Max hospital
Arvind Kejriwal.

It’s not the first time that the AAP central leadership has committed political harakiri with the Punjab unit. It has become clear now that the AAP central leadership, instead of letting the Punjab unit take on the ruling Congress and the SAD-BJP alliance, ends up shooting itself in the foot every time.

Khaira was earlier unceremoniously removed as Leader of Opposition (LoP) by the AAP central leadership in July 2018. He openly rebelled against the party high command by dissolving the the AAP’s Punjab organisational structure and seeking complete autonomy for the state unit.

The AAP ousted its then Punjab unit chief, Sucha Singh Chhotepur, on flimsy bribery charges in August 2016, just months ahead of the assembly polls.

Chhotepur, who nurtured the party right from the day of its conception in Punjab, was shown the door after the emergence of a video clip in which an AAP worker was shown giving money to him. Even before this, Chhotepur was being sidelined in Punjab affairs with Delhi leaders like Sanjay Singh and Durgesh Pathak calling all the shots.

As the Chhotepur episode unfolded, AAP leaders at the constituency and district level rebelled. Chhotepur, who accused the AAP central leadership of corruption in allotting tickets for various assembly seats, finally exited the party and formed a new political outfit – the Apna Punjab Party (APP) that has practically remained a non-starter.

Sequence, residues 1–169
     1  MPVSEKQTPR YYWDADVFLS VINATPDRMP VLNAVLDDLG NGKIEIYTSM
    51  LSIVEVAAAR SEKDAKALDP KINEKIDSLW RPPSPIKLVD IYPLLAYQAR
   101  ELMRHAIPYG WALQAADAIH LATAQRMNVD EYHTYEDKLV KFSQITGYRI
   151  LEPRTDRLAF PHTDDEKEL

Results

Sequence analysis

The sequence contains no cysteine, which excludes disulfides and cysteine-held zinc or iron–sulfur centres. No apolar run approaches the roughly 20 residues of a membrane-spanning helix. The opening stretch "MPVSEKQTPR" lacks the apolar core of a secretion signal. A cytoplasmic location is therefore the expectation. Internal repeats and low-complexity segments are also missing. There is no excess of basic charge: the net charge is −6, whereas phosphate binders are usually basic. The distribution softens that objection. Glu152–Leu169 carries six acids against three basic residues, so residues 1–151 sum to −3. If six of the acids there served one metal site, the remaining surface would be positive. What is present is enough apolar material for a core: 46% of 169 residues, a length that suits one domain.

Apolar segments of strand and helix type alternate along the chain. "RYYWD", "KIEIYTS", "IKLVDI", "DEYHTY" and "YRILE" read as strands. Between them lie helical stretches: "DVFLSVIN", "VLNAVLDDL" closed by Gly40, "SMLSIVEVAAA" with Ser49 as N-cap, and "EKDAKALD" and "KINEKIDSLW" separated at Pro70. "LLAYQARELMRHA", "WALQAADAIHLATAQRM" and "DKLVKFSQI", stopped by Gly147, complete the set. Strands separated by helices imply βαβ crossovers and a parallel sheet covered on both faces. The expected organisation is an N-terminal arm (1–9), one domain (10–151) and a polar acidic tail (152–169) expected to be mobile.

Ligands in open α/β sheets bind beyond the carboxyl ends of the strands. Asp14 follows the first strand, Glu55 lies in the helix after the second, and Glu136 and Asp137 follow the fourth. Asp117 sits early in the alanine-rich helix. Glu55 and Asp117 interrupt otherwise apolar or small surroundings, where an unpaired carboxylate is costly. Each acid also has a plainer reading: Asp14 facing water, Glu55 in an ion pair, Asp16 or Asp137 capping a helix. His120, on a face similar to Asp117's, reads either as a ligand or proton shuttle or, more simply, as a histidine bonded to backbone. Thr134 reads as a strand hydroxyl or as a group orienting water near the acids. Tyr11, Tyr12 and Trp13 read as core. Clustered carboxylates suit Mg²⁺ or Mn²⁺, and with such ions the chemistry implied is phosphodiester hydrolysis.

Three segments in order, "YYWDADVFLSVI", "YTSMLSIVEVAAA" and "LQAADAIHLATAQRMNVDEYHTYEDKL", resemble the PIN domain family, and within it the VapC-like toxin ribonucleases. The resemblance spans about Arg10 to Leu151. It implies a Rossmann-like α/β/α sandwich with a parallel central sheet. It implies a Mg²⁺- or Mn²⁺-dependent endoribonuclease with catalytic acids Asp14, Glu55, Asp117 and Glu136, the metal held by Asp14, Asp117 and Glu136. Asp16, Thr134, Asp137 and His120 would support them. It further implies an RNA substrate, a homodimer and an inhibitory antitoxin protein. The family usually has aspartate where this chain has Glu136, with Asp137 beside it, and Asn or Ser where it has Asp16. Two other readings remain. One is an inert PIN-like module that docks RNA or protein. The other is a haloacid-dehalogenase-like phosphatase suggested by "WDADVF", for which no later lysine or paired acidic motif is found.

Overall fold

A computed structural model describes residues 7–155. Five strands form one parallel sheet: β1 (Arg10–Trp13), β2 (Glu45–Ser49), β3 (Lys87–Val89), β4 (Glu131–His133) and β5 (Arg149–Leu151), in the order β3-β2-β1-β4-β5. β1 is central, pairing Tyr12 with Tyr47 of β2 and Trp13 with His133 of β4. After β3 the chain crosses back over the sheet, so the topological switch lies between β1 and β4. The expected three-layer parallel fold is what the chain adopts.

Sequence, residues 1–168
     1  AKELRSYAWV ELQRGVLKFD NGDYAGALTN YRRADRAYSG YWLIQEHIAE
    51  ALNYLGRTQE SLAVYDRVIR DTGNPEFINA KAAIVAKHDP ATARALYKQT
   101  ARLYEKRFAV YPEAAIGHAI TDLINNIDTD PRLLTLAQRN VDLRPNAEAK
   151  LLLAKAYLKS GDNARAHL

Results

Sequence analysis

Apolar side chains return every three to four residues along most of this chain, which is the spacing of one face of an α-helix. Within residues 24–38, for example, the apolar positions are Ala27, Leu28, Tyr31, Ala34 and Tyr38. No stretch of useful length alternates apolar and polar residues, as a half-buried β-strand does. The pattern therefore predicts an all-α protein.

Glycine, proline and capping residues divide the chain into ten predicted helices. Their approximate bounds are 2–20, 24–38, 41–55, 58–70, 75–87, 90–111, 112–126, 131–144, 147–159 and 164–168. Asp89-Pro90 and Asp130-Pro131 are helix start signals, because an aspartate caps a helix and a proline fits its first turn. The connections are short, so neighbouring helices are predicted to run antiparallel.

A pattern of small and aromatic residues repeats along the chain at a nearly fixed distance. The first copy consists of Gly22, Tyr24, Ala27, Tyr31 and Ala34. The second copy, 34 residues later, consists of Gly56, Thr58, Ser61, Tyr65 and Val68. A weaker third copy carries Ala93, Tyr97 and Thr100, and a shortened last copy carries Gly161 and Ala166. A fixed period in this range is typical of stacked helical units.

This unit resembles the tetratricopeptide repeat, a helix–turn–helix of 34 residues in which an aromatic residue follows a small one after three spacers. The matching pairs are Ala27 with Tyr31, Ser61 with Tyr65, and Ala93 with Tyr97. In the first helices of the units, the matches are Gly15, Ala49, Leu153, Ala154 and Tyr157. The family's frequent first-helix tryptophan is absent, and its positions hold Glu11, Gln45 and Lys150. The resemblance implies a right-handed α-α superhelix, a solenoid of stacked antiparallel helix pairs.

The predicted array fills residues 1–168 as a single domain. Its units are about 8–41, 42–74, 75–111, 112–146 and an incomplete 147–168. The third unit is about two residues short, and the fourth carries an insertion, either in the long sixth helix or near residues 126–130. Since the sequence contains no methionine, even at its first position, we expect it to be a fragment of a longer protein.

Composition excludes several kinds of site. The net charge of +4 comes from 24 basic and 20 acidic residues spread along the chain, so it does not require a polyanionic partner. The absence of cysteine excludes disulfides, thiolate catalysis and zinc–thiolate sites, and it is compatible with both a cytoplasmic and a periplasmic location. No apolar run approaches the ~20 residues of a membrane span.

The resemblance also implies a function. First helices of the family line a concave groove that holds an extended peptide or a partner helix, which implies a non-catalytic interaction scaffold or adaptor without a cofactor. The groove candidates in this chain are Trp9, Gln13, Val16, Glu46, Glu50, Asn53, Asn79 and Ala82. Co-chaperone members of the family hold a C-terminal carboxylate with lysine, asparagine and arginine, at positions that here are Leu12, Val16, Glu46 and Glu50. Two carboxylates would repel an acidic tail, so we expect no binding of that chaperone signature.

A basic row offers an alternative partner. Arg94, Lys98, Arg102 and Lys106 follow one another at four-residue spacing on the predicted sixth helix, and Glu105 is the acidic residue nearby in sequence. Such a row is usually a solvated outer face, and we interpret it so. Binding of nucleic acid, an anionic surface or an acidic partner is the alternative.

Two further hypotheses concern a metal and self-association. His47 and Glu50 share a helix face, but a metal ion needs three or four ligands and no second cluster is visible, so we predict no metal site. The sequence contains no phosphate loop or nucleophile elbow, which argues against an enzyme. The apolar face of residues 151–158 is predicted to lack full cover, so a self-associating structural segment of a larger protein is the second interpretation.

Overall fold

The AAP appointed actor-comedian Gurpreet Ghuggi, with no political experience, as its state convener in place of Chhotepur. Ghuggi left the party on a sour note just months later.

Two AAP MPs from Punjab, Dharamvira Gandhi and Harinder Khalsa, were suspended in August 2015 for questioning the AAP’s leadership style.

Delhi Chief Minister Arvind Kejriwal with Delhi’s Deputy Chief Minister Manish Sisodia. Flickr

Gandhi, a cardiologist and known social worker, is the MP from Patiala constituency, while Khalsa, a former diplomat, represents Fatehgarh Sahib in the Lok Sabha. Gandhi was also unceremoniously removed from the post of leader of AAP in the Lok Sabha.

The AAP, which was completely rejected elsewhere in the country in the April-May 2014 general elections, won four Lok Sabha seats from Punjab – Sangrur, Patiala, Faridkot and Fatehgarh Sahib.

The AAP started the year 2016 on an upswing. Poll surveys and the party’s own political calculations gave it anything from 75 to over 100 seats in the 117-member assembly.

The party, however, finished second and managed to end up as the main opposition party with 20 legislators. One legislator, lawyer-activist H.S. Phoolka, resigned from the assembly seat recently and even quit the AAP.

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With Khaira’s exit, his status as a legislator and the future of the six legislators who seem to be in his camp, will be seen in the coming months.

The party, which is the newest entrant on Punjab political scene – dominated largely by the ruling Shiromani Akali Dal and the Congress over the decades – is facing as much a challenge from its implosion.

Though the damage done by the party to itself in the last three years will be known after the forthcoming parliamentary elections, it will be a sad day for people in Punjab who saw AAP as a third viable option but were let down by the party itself. (IANS)